Part 5: Drinking behaviours among children
This section presents a range of information on drinking behaviours among children including drinking prevalence, consumption, age of first alcoholic drink, prevalence and frequency of drunkenness, and consequences of drinking. This information has been taken from two NHS Digital publications.
Information is provided from Smoking, Drinking and Drug use among Young People in England (SDD) which surveys pupils in secondary schools across England to provide national estimates and information on the smoking, drinking and drug use behaviours of young people aged 11 - 15.
The question used in SDD to establish whether a pupil had drunk alcohol changed in 2016 to improve the estimate of drinking prevalence. However the new estimate is not comparable with previous surveys. More information is available in the appendices of the SDD report.
Information is also summarised from What About YOUth? (WAY) which surveyed 15 year olds with questions about their health, diet, exercise, bullying, alcohol, drugs and smoking.
The SDD survey is completed at school in exam conditions without the involvement of parents or teachers, but WAY is completed at home and therefore could involve parents. This will affect comparability between the two surveys as children are less likely to admit to risky behaviours when completing surveys in the home environment.
Ever had an alcoholic drink1, by year
Between 2003 and 2014 there was a decline in the proportion of pupils who had ever drunk an alcoholic drink.
In 2016, 44% of pupils said they had ever drunk an alcoholic drink2. Data prior to 2016 is not comparable due to a change in the survey question.
Ever had an alcoholic drink, by sex and age
46% of girls and 43% of boys said they had ever had a drink3.
Whether a pupil had drunk alcohol was related to their age, increasing from 15% of 11 year olds to 73% of 15 year olds.
1) In 2016 the question used to establish whether a pupil had drunk alcohol changed making the results of the 2016 survey not comparable with previous years. See appendix A (page 5) of the source publication for further details.
2) This is an estimate and subject to a margin of error: the proportion in the population is likely to be somewhere between 41% and 47%.
3) Not a statistically significant difference.
Drinking in the last week
When pupils drink1
Pupils were most likely to drink at weekends.
Of pupils who had drunk in the last week, 68% drank on Saturday, 42% drank on Friday, and 28% drank on Sunday. On other days of the week, between 5% and 7% of pupils drank.
How much pupils drink (mean units)2, by age
Pupils who drank alcohol in the last week consumed an average (mean) of 9.6 units that week3.
Mean consumption was lowest among 11 to 13 year olds (6.9 units), and highest among 14 year olds (11.1 units).
1) Based only on pupils who said they had a drink in the last week (10% of all pupils)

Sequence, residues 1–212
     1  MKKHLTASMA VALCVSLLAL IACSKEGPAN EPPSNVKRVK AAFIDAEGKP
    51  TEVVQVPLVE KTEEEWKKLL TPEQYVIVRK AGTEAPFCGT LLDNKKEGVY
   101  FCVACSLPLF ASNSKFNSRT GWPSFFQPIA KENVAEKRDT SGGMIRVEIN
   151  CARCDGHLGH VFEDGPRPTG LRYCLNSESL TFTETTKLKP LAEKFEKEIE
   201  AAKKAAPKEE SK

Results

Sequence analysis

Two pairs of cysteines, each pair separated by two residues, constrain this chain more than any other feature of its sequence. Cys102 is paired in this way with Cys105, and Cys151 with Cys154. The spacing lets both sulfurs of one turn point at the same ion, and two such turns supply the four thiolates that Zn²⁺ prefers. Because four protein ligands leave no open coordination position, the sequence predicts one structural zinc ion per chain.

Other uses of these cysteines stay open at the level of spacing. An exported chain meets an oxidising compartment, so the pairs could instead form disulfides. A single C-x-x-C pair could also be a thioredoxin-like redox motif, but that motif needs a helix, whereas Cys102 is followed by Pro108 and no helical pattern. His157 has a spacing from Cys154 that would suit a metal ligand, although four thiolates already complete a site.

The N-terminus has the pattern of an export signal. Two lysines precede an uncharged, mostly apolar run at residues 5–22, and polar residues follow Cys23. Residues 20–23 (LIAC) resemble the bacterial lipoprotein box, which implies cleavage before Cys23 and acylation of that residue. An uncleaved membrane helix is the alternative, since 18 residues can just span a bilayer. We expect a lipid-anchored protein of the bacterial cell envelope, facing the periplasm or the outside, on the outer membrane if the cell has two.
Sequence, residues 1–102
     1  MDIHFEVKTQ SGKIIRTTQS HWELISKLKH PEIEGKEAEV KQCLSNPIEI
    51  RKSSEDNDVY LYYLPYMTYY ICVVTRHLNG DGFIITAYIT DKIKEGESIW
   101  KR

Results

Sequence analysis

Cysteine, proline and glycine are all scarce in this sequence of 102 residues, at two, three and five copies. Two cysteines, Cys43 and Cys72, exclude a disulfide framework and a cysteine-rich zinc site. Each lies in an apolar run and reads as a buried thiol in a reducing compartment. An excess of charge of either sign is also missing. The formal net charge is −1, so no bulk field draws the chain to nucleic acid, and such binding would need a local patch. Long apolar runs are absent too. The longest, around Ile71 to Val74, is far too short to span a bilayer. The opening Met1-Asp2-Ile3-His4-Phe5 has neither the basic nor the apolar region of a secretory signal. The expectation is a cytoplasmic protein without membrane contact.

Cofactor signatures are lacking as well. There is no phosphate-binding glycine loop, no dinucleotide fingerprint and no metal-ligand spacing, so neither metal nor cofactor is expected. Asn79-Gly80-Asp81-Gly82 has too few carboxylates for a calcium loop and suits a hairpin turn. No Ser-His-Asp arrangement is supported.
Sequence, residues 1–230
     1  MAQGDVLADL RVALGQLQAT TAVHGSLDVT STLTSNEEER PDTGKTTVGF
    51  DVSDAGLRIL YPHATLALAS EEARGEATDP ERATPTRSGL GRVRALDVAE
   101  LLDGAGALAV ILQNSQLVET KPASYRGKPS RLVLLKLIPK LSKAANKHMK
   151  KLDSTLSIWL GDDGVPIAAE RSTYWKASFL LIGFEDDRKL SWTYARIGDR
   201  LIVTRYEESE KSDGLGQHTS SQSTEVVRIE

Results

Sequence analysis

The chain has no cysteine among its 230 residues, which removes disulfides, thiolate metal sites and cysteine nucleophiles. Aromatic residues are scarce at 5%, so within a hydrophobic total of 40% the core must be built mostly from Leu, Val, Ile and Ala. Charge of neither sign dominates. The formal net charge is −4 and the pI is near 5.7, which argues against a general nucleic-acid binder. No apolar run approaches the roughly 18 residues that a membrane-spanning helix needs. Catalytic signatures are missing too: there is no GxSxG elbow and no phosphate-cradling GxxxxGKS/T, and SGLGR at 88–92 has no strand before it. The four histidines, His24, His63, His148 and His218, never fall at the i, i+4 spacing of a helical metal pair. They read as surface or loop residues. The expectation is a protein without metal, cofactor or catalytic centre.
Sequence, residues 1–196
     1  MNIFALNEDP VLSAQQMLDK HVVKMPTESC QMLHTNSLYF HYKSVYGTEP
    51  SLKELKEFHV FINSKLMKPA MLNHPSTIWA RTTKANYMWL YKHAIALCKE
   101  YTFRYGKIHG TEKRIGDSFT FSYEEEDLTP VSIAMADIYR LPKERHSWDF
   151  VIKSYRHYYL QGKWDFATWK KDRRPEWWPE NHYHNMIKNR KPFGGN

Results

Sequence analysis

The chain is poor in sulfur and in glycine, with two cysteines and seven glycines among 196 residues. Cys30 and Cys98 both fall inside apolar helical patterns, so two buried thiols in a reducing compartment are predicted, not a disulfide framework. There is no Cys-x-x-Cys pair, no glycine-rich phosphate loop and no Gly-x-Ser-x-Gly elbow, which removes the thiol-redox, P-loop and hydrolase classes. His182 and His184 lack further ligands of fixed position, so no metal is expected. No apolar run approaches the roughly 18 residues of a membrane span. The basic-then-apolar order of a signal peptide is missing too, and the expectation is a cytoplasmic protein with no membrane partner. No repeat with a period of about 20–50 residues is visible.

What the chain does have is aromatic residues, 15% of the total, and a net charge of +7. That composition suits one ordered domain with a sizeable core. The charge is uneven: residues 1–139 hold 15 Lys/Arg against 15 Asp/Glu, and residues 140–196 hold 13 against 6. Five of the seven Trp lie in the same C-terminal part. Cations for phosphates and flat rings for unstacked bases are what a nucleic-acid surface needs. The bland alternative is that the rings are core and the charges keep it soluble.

2) Quantities of alcohol were converted into units of alcohol, using a standard method described in Appendix B6 (page 25) of the source publication.
3) This is an estimate and subject to a margin of error: the proportion in the population is likely to be somewhere between 8.7 and 10.5.
Prevalence of drunkenness
Pupils who were drunk in the last four weeks, by sex
9% of pupils said they had been drunk in the last four weeks, including 7% of pupils who had been drunk once or twice, and 2% more often.
Girls (11%) were more likely to have been drunk in the last four weeks than boys (7%).
Pupils who were drunk in the last four weeks, by age
The proportion of pupils who reported having been drunk in the last four weeks increased with age.
23% of 15 year olds reported having been drunk in the last four weeks.
Where pupils get alcohol
How obtained alcohol in the last four weeks1
Of pupils who obtained alcohol in the last four weeks, the most common sources were to be given it by parents or guardians (70%), given it by friends (54%), or to take it from home with permission (41%).
Where current drinkers usually buy alcohol
Current drinkers were most likely to buy it from friends or relatives (22%), someone else (16%), an off-licence (10%) or a shop or supermarket (8%).
61% of current drinkers said they never buy alcohol.
1) Based on pupils who obtained alcohol in the last four weeks. Pupils could give more than one answer.
Pupils’ attitudes towards drinking
Attitudes to drinking by people of pupils’ age, by year
Pupils’ attitudes towards someone of their age drinking or getting drunk have become less tolerant.
In 2016, 50% agreed that it was ok to try alcohol to see what it’s like, down from 67% in 2003.
25% said it was OK to drink alcohol once a week, down from 46% in 2003.
Getting drunk was seen as less acceptable than drinking.
In 2016, 19% said it was OK to try getting drunk to see what it was like, down from 31% in 2003.
Only 7% thought it was OK to get drunk once a week, down from 20% in 2003.
Alcohol consumption by other household members
When last drank alcohol, by number of people who drink alcohol that pupil lives with
Pupils who lived with people who drank alcohol were more likely to drink alcohol themselves.
Only 3% of pupils who lived with only non-drinkers had drunk alcohol in the last week, and 79% had never drunk alcohol.
Among pupils who lived with three or more people who drank, the proportion who had drunk alcohol in the last week rose to 21%, whilst the proportion who had never drunk fell to 31%.
Drinking prevalence for 15 year olds
Drinking prevalence by LA
Barnsley District (77.6%), Devon (76.9%) and Cornwall (76.6%) had the highest prevalence of 15 year olds who have ever drunk alcohol.
The Borough of Tower Hamlets (14.6%) had the lowest.
Drunkenness by LA
Brighton and Hove (27.0%), North Tyneside (24.6%) and Richmond upon Thames (24.5%) had the highest prevalence of drunkenness in the last 4 weeks.
Tower Hamlets (2.6%) and Newham (3.1%) had the lowest.